Deep diving has more hazards and greater risk than basic open water diving.Nitrogen narcosis, the “narks” or “rapture of the deep”, starts with feelings of euphoria and over-confidence but then leads to numbness and memory impairment similar to alcohol intoxication. Decompression sickness, or the “bends”, can happen if a diver ascends too fast, when excess inert gas leaves solution in the blood and tissues and forms bubbles. These bubbles produce mechanical and biochemical effects that lead to the condition. The onset of symptoms depends on the severity of the tissue gas loading and may develop during ascent in severe cases, but is frequently delayed until after reaching the surface. Bone degeneration (dysbaric osteonecrosis) is caused by the bubbles forming inside the bones; most commonly the upper arm and the thighs. Deep diving involves a much greater danger of all of these, and presents the additional risk of oxygen toxicity, which may lead to a convulsion underwater. Very deep diving using a helium–oxygen mixture (heliox) carries a risk of high-pressure nervous syndrome. Coping with the physical and physiological stresses of deep diving requires good physical conditioning.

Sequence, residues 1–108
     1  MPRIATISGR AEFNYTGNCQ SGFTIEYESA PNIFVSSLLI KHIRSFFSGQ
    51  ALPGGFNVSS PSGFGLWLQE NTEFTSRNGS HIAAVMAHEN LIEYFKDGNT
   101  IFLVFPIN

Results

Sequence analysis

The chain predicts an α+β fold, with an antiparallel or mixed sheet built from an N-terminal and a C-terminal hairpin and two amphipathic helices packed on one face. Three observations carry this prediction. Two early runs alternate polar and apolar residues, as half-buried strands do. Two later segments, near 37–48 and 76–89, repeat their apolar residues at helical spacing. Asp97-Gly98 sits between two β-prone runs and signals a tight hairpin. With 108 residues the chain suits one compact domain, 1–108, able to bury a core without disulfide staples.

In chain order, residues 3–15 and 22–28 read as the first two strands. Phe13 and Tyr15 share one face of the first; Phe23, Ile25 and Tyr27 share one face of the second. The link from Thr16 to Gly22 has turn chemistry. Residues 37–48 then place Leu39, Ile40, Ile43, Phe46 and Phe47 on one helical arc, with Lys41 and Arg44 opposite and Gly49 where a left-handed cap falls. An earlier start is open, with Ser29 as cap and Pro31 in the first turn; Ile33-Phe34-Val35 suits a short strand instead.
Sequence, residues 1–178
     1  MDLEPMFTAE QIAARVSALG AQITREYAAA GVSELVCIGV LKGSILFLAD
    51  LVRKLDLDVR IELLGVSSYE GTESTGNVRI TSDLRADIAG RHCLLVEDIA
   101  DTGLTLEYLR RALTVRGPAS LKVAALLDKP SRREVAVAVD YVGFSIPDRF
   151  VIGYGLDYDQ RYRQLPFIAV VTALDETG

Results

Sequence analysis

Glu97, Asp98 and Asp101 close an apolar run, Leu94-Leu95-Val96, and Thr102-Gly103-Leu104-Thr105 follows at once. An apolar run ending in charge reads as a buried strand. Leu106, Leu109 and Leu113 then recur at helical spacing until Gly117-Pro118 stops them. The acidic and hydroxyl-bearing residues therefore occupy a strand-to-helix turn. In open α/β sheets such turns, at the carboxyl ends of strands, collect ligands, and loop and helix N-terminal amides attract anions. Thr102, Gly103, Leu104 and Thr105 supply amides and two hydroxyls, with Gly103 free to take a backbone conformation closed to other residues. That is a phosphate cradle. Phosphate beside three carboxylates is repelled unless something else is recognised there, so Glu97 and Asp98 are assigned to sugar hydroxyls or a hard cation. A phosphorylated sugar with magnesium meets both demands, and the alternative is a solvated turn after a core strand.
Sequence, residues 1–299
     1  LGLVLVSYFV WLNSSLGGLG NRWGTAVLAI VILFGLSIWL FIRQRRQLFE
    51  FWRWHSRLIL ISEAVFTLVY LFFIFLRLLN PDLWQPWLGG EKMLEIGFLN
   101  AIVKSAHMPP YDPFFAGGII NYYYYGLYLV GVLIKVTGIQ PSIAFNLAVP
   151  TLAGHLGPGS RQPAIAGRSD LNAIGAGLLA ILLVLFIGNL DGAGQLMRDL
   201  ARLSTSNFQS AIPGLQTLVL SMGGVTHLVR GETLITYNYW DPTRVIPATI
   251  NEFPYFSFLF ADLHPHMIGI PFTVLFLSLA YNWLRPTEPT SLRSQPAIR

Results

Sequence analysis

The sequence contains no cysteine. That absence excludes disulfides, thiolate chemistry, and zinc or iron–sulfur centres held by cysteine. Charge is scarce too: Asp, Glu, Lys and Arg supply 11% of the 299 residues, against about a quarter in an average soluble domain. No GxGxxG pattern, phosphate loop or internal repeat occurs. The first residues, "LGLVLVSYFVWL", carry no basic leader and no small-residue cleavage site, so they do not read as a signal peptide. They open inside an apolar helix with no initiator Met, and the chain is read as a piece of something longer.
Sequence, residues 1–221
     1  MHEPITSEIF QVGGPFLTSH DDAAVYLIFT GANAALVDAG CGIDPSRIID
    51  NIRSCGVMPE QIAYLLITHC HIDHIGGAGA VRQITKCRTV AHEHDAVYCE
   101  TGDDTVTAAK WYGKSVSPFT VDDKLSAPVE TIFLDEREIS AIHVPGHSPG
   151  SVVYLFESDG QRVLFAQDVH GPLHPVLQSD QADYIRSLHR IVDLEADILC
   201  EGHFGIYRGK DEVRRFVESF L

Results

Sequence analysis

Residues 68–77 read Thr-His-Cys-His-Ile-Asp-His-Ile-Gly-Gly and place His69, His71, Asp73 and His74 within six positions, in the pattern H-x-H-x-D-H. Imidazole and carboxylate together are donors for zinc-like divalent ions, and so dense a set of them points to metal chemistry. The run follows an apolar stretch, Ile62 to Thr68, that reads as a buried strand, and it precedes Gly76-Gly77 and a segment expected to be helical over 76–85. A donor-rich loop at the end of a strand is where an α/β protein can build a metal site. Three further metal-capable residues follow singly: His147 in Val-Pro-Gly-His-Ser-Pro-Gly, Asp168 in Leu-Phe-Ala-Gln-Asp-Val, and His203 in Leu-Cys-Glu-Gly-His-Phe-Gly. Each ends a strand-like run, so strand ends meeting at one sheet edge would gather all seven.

Using normal scuba equipment, breathing gas consumption is proportional to ambient pressure - so at 50 metres (160 ft), where the pressure is 6 bar, a diver breathes 6 times as much as on the surface (1 bar). Heavy physical exertion makes the diver breathe even more gas, and gas becomes denser requiring increased effort to breathe with depth, leading to increasing risk of hypercapnia—an excess of carbon dioxide in the blood. The need to do decompression stops increases with depth. A diver at 6 metres (20 ft) may be able to dive for many hours without needing to do decompression stops. At depths greater than 40 metres (130 ft), a diver may have only a few minutes at the deepest part of the dive before decompression stops are needed. In the event of an emergency the diver cannot make an immediate ascent to the surface without risking decompression sickness. All of these considerations result in the amount of breathing gas required for deep diving being much greater than for shallow open water diving. The diver needs a disciplined approach to planning and conducting dives to minimise these additional risks.